One of Keynes’ famous axioms is that of “sticky wages”: Nominal wages are supposedly inflexible downwards. Particularly during economic contractions, supposedly nominal wages fail to adjust downward. This results in a labor market which does not “clear”. Hazlitt, Mises and Rothbard have argued that in free market scenarios there is little historical evidence for such a problem.
Yet while that may well be true, judging from their actions one could postulate that many 20th century governments believed otherwise. Specifically, governments have employed a series of measures resulting in the inflation of the currency unit in which wage rates are fixed. In some cases the inflationary impulses came from general expansion of credit; in others, from currency devaluations. Either way, the result was an effective lowering of real wage rates – at least temporarily. One could certainly debate to what extent this effect is or was a primary motivation behind the common inflationary policies of the past 100 years. At a minimum however, this effect could hardly have been seen as a downside.
But workers and unions caught on quickly. Increasingly unions came to expect automatic adjustments of wage rates based on published statistics on inflation. In countries with severe inflation (such as Brazil) wage indexing became the norm.
A new approach was needed.
That new approach was a subtler one: manipulation of the consumer price indexes used to calculate inflation. Put crudely, the logic is as follows: Today’s television or car is “5% better” than last year’s, so if it costs only 3% more, then the “net inflation” is actually -2%. Never mind that the last year’s models are in all probability no longer available. Even supposing that it were possible to calculate some type of neutral “utility value” (an idea which is difficult to defend without applying some sort of normative standard), essentially this amounts to an amount to “value” todays good according to yesterday’s standards. By that measure even those homeless but with cell phone service would have to be accounted amongst the superwealthy of the year 1970.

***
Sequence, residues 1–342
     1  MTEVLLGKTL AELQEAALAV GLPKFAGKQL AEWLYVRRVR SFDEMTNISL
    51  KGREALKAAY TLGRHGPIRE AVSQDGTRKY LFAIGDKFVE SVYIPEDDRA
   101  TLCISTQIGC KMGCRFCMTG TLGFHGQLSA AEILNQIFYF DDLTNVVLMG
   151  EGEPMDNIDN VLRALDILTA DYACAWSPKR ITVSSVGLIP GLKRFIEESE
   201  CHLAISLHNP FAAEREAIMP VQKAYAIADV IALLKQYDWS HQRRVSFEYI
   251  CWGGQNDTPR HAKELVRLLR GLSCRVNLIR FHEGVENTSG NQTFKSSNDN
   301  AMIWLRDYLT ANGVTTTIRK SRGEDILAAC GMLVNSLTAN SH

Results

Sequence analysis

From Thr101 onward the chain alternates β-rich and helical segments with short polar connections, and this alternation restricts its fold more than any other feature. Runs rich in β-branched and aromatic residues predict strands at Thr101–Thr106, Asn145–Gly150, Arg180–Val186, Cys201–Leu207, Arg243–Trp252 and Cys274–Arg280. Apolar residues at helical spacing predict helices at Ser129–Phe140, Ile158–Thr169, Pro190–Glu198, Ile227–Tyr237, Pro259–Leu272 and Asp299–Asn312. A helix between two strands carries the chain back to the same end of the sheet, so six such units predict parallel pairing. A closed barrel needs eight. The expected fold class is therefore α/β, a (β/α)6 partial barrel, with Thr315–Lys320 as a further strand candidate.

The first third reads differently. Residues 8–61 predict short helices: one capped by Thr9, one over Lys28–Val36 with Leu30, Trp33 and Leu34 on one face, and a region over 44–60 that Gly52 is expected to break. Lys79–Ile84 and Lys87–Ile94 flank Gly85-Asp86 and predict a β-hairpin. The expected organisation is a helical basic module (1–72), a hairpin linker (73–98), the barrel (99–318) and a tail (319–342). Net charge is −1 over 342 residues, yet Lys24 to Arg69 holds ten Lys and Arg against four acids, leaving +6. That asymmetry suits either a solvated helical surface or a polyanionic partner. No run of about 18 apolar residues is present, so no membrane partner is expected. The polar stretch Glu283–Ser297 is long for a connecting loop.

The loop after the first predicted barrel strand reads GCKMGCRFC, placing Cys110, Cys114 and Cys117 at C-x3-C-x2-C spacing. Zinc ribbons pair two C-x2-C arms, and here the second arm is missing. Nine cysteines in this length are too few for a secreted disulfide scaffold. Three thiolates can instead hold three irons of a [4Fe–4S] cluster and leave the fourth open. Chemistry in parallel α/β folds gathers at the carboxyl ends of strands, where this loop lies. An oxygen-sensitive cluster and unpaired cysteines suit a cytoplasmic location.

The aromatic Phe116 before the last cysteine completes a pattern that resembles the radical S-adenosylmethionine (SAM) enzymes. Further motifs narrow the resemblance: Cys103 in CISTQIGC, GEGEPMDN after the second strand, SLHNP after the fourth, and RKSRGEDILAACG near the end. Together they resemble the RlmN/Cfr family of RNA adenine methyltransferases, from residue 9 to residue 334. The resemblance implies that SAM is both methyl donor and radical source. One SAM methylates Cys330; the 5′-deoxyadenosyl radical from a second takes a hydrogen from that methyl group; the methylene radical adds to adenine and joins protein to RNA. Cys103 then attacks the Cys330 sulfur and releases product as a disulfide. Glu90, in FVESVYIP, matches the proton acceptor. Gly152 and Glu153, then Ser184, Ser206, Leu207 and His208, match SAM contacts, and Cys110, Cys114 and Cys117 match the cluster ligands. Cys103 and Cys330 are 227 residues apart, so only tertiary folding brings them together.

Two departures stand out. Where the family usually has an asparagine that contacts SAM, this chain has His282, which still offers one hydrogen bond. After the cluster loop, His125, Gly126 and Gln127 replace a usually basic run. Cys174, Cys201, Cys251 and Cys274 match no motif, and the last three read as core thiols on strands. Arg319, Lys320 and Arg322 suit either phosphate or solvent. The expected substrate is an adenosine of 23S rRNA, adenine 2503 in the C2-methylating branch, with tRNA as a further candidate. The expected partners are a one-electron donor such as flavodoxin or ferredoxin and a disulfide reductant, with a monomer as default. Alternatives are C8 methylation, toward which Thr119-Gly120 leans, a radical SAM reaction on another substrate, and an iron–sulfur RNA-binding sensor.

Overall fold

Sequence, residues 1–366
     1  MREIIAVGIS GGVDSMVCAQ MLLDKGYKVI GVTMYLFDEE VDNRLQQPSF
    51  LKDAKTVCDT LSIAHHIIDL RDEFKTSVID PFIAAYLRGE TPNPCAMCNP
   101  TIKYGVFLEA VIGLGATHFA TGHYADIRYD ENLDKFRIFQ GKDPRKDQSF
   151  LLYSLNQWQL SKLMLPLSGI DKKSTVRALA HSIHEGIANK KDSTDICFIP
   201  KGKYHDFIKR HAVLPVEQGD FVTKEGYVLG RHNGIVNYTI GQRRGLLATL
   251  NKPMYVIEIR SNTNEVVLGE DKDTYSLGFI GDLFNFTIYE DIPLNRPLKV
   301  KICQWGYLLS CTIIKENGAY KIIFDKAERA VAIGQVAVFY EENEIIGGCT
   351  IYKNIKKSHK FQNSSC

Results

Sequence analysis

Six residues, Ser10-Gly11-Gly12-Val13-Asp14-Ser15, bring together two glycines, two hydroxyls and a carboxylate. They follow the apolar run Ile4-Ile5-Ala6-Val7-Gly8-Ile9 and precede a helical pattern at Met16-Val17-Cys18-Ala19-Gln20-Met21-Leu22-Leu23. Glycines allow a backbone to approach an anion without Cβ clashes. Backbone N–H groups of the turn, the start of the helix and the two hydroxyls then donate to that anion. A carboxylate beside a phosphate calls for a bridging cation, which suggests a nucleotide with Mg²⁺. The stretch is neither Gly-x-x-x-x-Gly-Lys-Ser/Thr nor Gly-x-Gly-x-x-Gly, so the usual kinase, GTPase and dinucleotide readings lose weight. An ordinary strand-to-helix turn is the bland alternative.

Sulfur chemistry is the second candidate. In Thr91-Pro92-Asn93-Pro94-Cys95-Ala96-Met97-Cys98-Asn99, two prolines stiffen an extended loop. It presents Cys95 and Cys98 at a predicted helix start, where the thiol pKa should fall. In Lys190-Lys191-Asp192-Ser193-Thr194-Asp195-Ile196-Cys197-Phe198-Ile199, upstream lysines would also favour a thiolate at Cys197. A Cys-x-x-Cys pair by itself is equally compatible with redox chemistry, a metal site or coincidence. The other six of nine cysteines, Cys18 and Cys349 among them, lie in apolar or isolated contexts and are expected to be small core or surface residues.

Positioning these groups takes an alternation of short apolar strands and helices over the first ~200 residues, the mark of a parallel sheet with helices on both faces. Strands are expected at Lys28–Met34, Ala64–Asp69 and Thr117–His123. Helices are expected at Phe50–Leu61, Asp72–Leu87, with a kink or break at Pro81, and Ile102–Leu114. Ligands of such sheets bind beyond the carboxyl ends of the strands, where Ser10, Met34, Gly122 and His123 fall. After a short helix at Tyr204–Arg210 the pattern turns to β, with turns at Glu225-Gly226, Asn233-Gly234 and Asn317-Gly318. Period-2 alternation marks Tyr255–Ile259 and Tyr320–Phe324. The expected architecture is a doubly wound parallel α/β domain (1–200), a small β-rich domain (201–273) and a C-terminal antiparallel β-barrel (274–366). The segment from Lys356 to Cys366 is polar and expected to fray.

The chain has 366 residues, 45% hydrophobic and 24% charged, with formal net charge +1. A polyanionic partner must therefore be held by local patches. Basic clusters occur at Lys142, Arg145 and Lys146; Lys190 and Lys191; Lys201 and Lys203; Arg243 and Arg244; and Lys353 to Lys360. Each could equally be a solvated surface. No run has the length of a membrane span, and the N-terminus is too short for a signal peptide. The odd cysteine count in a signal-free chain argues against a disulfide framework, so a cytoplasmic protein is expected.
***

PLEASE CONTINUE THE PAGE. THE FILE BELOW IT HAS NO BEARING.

In the case of the United States, this was evenly done somewhat openly. In 1981 the CPI calculation standards were changed to account for these “improvements”. Many other countries have learned similar tricks.
If the statistics assembled by John Williams of shadowsstats.com are correct, this trick has allowed the United States government to conceal a dramatic decline in real wage levels – a fall of over 70% in 40 years. The dramatic increase in female participation in the work buffered the effect of this net wage cut somewhat, but obviously hardly completely.
Certainly no sticky wage problem there.